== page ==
SAN FRANCISCO – A San Francisco community college student awaiting deportation to his native Peru won a temporary reprieve Friday when U.S. Sen. Dianne Feinstein introduced legislation halting immigration enforcement proceedings against him.
Steve Li, 20, had been due to be separated from his parents and sent back to Peru last Monday, but federal immigration officials pushed back the deportation at Feinstein’s request while the California Democrat prepared the private relief measure that would allow him to remain in the U.S.
“It’s amazing. It’s extremely rare for a private bill to be introduced,” Li’s lawyer, Sin Yen Ling, told the Contra Costa Times. “It’s clear she thought this was an important case.”
Feinstein said in a statement accompanying the bill that Li moved to San Francisco with his parents when he was 12 and did not know they were all in the country illegally until immigration agents arrested them in September. The parents have been ordered to return to China, where they lived before they fled to Peru.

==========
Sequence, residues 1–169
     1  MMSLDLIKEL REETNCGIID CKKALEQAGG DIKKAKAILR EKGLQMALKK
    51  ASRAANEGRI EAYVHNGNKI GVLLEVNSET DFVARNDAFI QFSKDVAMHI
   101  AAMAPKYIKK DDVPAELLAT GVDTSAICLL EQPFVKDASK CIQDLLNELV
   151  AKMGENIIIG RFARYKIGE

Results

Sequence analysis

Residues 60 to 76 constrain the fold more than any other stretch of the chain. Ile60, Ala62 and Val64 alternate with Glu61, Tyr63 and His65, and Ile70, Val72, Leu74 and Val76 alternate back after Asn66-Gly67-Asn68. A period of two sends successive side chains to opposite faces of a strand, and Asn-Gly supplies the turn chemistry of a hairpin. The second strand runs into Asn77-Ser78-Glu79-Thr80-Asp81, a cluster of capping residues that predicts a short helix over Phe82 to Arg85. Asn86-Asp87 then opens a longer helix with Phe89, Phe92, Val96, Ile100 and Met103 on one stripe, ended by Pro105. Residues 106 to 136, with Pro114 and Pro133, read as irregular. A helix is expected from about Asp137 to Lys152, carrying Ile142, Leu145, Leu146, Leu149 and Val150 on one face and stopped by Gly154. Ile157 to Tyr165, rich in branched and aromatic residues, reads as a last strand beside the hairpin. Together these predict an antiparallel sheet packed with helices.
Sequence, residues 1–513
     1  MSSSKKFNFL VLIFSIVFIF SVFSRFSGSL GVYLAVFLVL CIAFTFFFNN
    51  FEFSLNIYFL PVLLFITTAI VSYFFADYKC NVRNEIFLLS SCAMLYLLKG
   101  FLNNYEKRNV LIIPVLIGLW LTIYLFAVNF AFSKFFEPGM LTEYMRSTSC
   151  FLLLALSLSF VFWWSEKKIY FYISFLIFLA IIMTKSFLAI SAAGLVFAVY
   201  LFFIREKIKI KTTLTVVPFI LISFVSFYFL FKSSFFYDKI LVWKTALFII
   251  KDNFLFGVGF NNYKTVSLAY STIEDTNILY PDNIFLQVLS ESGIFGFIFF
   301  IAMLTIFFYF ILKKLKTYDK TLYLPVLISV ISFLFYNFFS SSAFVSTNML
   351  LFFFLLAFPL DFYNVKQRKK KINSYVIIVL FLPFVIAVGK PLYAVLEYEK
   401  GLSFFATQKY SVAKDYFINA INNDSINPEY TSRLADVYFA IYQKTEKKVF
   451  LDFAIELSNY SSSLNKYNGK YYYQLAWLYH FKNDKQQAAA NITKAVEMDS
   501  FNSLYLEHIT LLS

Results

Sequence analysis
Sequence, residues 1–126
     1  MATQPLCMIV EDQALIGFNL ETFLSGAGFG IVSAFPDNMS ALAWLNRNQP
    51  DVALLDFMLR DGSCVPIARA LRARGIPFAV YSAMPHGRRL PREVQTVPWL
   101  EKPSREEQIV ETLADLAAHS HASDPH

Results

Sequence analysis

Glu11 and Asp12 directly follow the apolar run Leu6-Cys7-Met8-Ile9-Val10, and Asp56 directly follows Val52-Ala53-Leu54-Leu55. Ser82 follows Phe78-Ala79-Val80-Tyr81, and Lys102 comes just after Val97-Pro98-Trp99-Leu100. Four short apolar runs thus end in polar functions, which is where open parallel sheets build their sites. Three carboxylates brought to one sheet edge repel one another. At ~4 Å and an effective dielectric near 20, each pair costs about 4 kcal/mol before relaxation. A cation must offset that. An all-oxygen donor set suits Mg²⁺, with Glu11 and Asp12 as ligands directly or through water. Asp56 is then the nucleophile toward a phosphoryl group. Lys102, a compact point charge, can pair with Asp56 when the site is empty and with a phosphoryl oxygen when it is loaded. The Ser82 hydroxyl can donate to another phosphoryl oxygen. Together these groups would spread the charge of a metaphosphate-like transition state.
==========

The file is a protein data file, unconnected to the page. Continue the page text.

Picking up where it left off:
“It appears to me that the only positive future for Steve is that he be able to finish his education and remain in this country,” Feinstein said. “There is no future elsewhere.”
Ling said she does not expect lawmakers to pass the bill but that its introduction buys Li time while Congress considers legislation aimed at creating a path to citizenship for undocumented youth who graduate from U.S. high schools and go on to attend college or enlist in the military.
Li, who is studying to be a nurse at City College of San Francisco, has been held in an Arizona detention center since early October. His lawyers expect him to be released and reunited with his parents before they are sent back to China.
Feinstein introduced a similar emergency immigration measure last year on behalf of a Philippines-born lesbian mother whose partner is an American citizen.